How does unique() work with regard to levels() ?


My code gives me this:

[1] mean_PD     mean_PD_bas mean_diff  
Levels: mean_diff mean_PD mean_PD_bas

but this is confusing as levels() gives me this:

[1] "mean_diff"   "mean_PD"     "mean_PD_bas"

The same here:

x <- factor(c("B", "A", "C", "A", "B"))

# Using unique() on the factor

unique_levels <- unique(x)

levels_in_order <- levels(x)

So what is going on with order in unique() ?

kind regards,

Hi @Andrzej,

unique doesn't change the order of the vector.

In your example

x <- factor(c("B", "A", "C", "A", "B"))

is a vector c("B", "A", "C", "A", "B") for which (by default) the levels are set to A, B, C. The reason for this is explained in the help of the function for factor ( Parameter:levels an optional vector of the unique values (as character strings) that x might have taken. The default is the unique set of values taken by as.character(x), sorted into increasing order of x. Note that this set can be specified as smaller than sort(unique(x)).)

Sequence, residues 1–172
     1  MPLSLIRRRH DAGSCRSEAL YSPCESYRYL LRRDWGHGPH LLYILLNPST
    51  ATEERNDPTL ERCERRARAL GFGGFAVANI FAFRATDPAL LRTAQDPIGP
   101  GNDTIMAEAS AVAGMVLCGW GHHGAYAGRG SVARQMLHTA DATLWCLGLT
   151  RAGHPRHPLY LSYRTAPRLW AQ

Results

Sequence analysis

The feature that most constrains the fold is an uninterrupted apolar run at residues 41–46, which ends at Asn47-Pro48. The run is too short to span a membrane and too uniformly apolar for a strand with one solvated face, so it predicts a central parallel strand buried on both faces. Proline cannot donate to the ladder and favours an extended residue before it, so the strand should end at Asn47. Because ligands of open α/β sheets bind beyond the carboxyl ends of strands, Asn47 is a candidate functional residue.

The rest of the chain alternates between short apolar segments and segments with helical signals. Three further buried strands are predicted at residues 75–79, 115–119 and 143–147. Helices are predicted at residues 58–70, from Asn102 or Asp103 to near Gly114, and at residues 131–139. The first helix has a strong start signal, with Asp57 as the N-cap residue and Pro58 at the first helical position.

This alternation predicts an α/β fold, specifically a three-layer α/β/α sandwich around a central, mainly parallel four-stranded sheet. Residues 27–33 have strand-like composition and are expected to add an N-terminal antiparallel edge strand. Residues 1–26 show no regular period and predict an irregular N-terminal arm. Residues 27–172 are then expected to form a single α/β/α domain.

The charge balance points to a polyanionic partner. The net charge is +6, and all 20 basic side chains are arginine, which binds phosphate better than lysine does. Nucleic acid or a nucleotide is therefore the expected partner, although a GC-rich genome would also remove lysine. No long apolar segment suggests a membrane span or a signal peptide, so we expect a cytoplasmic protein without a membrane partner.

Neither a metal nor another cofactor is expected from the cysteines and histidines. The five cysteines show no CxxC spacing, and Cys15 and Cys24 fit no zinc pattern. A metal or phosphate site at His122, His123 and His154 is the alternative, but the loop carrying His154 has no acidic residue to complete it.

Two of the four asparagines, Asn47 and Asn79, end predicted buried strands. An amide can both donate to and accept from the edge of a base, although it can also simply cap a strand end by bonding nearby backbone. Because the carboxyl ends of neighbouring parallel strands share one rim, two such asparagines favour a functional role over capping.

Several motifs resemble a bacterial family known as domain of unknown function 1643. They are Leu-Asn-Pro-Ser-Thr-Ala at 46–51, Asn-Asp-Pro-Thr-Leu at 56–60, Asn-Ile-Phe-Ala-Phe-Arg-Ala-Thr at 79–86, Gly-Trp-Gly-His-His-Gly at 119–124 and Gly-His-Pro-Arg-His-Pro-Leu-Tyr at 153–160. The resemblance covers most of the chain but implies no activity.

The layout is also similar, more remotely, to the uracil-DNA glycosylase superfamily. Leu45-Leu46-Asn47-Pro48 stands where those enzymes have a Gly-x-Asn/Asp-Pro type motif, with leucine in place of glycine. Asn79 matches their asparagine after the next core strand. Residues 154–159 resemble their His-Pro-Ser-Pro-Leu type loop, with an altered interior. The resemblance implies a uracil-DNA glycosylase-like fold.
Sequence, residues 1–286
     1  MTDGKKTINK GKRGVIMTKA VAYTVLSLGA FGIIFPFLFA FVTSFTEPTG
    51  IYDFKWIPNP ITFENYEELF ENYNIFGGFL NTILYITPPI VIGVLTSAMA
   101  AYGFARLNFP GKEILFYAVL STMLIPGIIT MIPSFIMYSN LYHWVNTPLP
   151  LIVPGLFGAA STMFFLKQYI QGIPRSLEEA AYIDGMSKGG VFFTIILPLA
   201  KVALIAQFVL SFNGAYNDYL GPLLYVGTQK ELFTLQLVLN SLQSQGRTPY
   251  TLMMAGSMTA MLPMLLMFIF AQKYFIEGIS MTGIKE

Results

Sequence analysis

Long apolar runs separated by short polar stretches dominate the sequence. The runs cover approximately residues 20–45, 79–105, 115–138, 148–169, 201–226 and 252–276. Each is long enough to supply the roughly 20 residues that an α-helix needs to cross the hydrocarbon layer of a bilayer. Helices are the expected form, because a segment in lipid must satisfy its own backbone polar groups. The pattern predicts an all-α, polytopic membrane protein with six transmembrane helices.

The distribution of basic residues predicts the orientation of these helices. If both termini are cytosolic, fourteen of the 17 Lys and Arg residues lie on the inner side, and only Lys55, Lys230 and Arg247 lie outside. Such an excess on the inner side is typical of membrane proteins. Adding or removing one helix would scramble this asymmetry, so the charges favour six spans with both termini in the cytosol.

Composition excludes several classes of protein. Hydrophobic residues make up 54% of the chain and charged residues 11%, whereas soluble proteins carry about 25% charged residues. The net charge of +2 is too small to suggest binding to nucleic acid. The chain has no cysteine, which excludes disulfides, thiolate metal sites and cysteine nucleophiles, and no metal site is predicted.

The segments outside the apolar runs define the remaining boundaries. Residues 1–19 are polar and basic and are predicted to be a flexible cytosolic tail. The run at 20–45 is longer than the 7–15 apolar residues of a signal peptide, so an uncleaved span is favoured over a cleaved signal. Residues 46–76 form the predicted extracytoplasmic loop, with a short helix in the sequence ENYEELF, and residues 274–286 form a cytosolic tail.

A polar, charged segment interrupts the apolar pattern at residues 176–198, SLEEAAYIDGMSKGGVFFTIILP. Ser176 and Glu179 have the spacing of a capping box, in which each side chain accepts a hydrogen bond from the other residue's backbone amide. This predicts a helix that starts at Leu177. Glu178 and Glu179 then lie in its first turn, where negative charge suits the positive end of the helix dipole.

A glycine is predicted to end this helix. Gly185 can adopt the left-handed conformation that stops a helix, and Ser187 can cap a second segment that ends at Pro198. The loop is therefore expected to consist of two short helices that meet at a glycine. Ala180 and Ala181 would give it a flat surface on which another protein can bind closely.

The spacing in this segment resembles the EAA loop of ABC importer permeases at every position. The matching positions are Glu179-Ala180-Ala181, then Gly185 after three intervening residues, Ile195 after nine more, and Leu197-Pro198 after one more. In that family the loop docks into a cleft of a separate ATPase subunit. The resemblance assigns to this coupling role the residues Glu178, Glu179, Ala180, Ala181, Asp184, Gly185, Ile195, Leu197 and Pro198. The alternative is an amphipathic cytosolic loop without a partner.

So when you say unique(x) it will just sort the values of the factor ignoring the levels itself.
The levels function shows the order since thats the way it is stored in you x variable.

If you would do:

temp <- c("B", "A", "C", "A", "B")
# change the ordering of the levels
x <- factor(temp, levels =  sort(x = unique(temp), decreasing = TRUE))

# same as in your example

#will use the order i specified in levels

unique will stay the same as in your example and the levels function will give the values in reverse order since i defined them that way.

So if you want always to get the levels in increasing order use:

#[1] "A" "B" "C"

Hope it helps.

This is best one-liner, thank you for your kind explanation,

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